A Common Field
This land is first settled in the late 1700s. For a century and a half, much of the area remains wooded, with cultivated fields and pastures surrounding a few scattered farmhouses and barns.
Beginning in the 1950s, mining reshapes the landscape. Huge machines scrape away layers of soil and rock to reveal long, black seams of coal. Enormous trucks travel this road, hauling away coal to steel mills and power plants. Coal mining brings people and jobs.
In the mid-1990s, surface mining of these lands ends. Although unused mining equipment and industrial buildings litter the area, the rocky land is being reclaimed. Coarse grasses and small trees are planted, mine water is treated to improve its quality, and wildlife is returning.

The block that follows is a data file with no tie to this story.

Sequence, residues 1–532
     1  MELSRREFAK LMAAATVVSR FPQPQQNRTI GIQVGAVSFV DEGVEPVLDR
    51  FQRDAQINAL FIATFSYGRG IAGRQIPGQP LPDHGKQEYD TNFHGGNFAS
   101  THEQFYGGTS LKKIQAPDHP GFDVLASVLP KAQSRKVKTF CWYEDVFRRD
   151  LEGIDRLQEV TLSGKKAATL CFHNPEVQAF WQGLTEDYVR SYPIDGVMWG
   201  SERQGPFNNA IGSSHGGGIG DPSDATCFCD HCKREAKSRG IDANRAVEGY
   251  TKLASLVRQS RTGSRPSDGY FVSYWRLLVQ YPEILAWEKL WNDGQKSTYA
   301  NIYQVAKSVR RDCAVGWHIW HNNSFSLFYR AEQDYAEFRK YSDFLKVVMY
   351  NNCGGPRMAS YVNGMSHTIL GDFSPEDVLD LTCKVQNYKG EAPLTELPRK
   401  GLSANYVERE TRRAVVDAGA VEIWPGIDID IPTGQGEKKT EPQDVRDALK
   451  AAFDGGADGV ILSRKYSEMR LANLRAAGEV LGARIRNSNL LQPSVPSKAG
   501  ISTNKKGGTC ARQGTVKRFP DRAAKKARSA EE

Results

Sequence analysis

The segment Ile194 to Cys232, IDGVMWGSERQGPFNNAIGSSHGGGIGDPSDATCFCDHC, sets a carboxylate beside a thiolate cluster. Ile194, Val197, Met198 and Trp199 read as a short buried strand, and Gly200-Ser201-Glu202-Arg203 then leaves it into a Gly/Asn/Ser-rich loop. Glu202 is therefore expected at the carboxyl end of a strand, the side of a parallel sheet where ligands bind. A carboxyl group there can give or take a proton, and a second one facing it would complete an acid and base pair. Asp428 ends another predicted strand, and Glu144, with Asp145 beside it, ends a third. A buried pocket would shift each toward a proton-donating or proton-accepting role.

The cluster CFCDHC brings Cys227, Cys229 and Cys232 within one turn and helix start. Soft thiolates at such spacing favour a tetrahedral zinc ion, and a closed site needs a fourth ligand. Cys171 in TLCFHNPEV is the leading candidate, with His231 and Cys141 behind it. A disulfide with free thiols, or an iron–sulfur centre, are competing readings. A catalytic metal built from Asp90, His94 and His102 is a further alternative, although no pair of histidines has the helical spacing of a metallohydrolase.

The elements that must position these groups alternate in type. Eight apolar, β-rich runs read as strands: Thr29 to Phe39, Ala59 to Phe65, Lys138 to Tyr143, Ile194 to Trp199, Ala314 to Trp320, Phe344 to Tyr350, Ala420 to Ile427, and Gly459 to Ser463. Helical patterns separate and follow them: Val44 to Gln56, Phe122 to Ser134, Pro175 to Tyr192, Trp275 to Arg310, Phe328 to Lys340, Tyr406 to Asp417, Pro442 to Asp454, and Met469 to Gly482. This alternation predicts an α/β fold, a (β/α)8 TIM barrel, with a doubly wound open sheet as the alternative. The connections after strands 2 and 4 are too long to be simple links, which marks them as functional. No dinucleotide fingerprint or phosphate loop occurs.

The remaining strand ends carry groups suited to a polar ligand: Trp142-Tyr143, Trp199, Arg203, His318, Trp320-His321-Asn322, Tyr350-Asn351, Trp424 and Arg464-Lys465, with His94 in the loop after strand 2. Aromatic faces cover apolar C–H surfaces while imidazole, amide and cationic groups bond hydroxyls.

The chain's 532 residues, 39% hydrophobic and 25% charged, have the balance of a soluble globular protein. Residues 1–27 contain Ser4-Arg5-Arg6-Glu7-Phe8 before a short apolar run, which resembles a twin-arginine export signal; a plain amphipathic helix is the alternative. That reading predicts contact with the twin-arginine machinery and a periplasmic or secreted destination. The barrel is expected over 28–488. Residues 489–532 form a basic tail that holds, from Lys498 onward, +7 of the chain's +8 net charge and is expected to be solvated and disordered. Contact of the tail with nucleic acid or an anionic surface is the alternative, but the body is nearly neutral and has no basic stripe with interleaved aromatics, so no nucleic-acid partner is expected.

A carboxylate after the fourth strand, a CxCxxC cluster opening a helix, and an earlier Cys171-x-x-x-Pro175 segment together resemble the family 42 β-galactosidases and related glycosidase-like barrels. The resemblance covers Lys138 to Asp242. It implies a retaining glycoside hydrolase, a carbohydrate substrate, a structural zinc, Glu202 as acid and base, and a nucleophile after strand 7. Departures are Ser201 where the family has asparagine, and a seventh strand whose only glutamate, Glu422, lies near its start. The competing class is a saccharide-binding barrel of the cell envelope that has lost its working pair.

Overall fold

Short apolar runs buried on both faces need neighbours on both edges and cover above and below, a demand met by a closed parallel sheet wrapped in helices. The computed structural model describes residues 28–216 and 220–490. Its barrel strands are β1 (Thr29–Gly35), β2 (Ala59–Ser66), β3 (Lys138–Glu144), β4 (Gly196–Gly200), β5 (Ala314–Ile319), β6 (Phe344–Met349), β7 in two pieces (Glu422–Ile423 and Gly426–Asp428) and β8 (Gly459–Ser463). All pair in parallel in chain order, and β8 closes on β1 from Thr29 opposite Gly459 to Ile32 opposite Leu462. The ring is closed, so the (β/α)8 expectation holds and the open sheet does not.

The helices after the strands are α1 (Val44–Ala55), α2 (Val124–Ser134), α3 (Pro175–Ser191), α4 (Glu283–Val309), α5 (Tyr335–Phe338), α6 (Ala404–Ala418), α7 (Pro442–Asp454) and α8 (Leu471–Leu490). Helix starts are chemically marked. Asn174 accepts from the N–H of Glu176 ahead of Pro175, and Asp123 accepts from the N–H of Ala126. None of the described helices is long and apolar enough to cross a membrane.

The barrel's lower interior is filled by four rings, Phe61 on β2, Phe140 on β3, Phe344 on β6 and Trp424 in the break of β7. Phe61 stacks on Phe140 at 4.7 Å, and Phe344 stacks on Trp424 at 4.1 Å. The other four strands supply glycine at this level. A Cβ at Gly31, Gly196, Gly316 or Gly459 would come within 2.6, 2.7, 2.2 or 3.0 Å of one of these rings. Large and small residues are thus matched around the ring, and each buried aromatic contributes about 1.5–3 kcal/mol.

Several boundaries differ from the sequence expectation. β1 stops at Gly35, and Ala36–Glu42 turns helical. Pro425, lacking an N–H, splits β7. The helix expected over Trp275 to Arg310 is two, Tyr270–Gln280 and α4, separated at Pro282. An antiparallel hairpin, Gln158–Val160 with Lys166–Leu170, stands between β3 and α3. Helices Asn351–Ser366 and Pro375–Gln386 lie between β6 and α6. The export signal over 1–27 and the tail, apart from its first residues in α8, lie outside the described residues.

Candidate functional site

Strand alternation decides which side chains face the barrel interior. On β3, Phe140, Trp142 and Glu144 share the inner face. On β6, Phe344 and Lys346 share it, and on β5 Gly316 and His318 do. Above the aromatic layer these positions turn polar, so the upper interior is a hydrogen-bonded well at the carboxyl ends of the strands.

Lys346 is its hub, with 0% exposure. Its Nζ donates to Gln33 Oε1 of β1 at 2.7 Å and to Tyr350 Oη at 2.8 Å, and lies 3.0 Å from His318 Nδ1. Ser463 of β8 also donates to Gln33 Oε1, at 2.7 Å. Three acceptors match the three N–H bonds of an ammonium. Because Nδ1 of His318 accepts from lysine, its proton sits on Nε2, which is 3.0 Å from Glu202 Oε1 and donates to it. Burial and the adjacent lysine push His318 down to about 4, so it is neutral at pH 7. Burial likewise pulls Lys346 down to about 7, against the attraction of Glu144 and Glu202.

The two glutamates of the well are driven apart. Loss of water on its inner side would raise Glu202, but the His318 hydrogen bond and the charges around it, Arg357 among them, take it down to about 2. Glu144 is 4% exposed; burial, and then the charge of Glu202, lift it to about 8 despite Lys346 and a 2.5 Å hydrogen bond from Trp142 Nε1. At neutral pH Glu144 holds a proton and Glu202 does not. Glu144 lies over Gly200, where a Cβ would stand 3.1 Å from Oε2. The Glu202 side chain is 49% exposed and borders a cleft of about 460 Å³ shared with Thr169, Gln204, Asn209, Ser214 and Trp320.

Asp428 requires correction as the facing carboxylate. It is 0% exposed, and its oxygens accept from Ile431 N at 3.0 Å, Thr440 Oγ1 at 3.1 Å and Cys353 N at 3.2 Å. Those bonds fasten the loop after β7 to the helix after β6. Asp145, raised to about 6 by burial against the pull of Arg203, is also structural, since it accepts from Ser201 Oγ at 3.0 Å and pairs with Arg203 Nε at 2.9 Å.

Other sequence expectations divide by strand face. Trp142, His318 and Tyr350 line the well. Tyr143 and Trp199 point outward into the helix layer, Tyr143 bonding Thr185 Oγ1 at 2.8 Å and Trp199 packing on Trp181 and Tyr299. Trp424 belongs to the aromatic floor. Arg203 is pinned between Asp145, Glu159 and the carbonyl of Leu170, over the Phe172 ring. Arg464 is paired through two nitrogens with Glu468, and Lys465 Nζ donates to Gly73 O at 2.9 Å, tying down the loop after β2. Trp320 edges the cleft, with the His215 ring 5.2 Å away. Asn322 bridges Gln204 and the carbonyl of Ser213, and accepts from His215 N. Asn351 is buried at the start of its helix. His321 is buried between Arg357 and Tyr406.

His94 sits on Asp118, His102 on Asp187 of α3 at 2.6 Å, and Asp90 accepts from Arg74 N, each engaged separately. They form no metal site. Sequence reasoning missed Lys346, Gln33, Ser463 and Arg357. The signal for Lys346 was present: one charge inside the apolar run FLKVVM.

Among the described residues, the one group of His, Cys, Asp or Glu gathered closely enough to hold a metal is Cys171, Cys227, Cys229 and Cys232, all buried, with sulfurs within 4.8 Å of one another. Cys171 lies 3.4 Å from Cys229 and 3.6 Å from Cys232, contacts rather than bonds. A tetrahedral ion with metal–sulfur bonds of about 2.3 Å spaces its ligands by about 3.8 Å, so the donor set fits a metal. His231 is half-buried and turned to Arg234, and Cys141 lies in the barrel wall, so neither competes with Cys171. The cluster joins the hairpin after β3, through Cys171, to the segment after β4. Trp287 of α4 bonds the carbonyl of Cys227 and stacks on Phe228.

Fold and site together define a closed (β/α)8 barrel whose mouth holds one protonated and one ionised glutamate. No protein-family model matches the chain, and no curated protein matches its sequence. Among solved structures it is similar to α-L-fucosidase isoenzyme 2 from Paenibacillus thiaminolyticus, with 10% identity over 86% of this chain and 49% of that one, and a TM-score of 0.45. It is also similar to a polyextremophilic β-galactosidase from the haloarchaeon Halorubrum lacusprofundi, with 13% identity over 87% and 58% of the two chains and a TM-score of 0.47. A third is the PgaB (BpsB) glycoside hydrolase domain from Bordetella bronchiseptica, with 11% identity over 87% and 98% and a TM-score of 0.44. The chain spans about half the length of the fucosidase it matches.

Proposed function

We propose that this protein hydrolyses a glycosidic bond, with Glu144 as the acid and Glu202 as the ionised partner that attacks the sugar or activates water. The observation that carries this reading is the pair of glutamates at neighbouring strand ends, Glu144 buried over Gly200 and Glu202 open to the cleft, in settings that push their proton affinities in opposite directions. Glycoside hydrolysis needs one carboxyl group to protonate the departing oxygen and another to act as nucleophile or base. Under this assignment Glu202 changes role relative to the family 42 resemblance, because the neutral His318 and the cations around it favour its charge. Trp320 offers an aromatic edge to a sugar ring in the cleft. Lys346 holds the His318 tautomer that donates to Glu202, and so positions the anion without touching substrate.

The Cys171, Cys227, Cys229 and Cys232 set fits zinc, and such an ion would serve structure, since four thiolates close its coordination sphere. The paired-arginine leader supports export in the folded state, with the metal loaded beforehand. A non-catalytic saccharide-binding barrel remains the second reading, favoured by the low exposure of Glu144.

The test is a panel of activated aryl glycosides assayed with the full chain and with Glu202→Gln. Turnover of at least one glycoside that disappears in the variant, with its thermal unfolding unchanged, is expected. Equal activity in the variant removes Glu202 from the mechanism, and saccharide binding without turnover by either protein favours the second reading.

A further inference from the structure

A Field of Honor
On September 11, 2001, the land is transformed again by the actions of the passengers and crew of United Airlines Right 93. Because of their struggle with terrorists, the airplane crashes - just two miles ahead and not at the terrorists' intended target in Washington, D.C. At the site of the crash, a memorial and verdant trees, grasses, and wildflowers embrace this land. Millions of people from around the world come to pay their respects.